Stephanie L. Newman
Our courses offer well-informed readings of literature with racist undertones, and we have developed thoughtful methods for discussing post-colonialism, anti-Semitism, classism, even sexism—but not, it seems, sexual violence. Rape should be included in the ranks of literary complexities most deserving of attention.
In her poem “Questions of Travel,” Elizabeth Bishop asks, “What childishness is it that while there’s a breath of life / in our bodies, we are determined to rush / to see the sun the other way around?” I boarded a plane to South America last Thursday with Bishop’s poem in my canvas bag.
Periods, commas, and colons are the fine-edged tools writers need to contour the voice they want the world to hear. When we treat writing not only as a structure of pages, paragraphs, sentences, and words, but also as a patchwork of punctuation marks, reality can celebrate for having another level of gradation revealed through language.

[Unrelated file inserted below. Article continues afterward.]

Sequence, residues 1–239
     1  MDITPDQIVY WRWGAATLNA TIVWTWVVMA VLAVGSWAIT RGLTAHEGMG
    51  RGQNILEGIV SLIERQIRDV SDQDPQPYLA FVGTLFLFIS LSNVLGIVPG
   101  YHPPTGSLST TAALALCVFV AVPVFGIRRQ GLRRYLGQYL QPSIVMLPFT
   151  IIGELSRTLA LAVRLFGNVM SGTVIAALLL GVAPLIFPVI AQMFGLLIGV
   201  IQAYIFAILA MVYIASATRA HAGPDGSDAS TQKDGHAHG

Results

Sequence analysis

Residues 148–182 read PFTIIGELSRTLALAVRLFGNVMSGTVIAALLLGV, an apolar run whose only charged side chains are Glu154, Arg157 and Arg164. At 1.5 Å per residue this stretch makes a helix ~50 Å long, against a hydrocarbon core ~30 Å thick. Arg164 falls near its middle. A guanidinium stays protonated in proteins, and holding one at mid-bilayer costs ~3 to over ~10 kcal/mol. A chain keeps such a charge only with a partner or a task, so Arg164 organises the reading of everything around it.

Was this reality? I could almost feel Kafka’s Coliseum rising up around Aurora as though summoned from the author’s literary depths. I began to grasp that in our historical moment, a shooter can costume himself as a superhero villain and blast Batman fans with ammunition.